For the three months to March, exports were down 5.2% to $15.72 billion, well below the 4% growth target for 2020 by the Development Budget Coordination Committee (DBCC), an interagency body that sets macroeconomic and fiscal assumptions of the government.

Meanwhile, the merchandise import bill dropped 13.6% to $23.26 billion on a cumulative basis against the DBCC’s eight-percent growth target for the year.

That brought the year-to-date trade balance to a $7.54-billion deficit, smaller than the $10.34-billion shortfall in 2019’s comparable three months.

Exports of manufactured goods, which account for nearly 80% of the total exports that month, slumped 27% year on year to $3.57 billion from $4.90 billion last year. Total agro-based products sales were also down 4.6% to $448.32 million in March.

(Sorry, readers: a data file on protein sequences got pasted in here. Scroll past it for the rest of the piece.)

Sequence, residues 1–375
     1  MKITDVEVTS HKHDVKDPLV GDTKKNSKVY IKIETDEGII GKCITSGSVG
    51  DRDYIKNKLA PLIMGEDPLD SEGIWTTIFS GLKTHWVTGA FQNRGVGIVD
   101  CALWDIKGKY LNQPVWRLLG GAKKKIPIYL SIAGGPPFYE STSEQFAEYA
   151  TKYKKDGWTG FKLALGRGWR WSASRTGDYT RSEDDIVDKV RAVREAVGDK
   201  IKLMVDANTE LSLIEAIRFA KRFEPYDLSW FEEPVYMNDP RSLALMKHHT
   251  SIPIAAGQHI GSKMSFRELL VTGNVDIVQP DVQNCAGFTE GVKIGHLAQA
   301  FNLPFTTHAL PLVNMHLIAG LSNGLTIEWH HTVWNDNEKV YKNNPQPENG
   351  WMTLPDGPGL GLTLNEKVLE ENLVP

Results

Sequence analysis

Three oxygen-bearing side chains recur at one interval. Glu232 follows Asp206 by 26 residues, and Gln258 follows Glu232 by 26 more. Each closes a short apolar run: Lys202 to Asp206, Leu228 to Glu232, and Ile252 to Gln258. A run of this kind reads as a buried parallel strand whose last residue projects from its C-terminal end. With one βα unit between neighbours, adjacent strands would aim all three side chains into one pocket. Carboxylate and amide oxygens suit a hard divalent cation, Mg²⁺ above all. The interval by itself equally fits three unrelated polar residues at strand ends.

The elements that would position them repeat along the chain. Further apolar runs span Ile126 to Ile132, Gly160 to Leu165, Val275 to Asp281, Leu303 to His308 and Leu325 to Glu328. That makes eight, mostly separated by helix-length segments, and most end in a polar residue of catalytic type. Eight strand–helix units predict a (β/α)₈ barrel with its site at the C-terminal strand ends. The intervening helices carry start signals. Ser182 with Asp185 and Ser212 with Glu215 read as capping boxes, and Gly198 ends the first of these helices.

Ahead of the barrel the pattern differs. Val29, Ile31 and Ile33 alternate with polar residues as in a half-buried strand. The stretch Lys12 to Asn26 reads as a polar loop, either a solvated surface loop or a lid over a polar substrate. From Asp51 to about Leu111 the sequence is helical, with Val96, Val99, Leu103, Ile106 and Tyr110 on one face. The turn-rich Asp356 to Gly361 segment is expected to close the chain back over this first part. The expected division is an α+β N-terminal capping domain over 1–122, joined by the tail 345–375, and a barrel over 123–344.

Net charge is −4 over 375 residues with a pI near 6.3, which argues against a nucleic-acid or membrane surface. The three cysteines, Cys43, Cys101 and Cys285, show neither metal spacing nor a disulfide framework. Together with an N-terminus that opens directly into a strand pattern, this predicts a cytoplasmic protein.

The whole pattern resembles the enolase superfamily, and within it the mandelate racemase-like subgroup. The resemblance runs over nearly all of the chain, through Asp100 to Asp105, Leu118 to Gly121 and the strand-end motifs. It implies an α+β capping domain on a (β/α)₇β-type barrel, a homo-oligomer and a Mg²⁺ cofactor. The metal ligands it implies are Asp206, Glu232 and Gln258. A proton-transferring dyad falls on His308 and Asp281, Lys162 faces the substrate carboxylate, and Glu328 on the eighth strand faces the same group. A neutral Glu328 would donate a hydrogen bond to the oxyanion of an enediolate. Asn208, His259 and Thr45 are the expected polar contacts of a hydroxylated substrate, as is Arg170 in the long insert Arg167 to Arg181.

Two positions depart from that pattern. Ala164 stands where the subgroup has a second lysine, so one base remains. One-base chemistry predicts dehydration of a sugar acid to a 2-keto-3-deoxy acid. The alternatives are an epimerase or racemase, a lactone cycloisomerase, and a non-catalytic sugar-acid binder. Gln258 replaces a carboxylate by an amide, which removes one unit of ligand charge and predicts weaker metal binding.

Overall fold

Electronic products, which made up more than half of the total March export sales, decreased 24% to $2.44 billion. Semiconductors, which account for almost three-fourths of electronic products, went down 22.7% to $1.81 billion.

Exports of forest, mineral, and petroleum products likewise fell by 45.6%, 15.5%, and 16.7%, respectively to $17.56 million, $405.38 million, and $14.27 million.

On the import side, raw materials and intermediate goods, which contributed 38.4% to the goods imports bill in March, sank 25.6% to $2.65 billion year on year.

Capital and consumer goods also went down to 26.5% ($2.24 billion) and 21.9% ($1.19 billion) in March, respectively. Imports of mineral fuels, lubricant and related materials contracted by 32.2% to $783.09 million.